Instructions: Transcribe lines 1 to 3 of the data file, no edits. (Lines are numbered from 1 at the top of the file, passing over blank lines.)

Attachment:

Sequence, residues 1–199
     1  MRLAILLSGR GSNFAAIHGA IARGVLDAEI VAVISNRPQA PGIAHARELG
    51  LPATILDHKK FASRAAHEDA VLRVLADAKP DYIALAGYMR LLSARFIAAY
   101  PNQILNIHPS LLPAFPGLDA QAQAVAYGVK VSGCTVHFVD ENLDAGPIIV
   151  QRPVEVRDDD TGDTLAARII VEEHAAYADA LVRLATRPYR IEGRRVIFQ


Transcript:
Sequence, residues 1–199
     1  MRLAILLSGR GSNFAAIHGA IARGVLDAEI VAVISNRPQA PGIAHARELG
    51  LPATILDHKK FASRAAHEDA VLRVLADAKP DYIALAGYMR LLSARFIAAY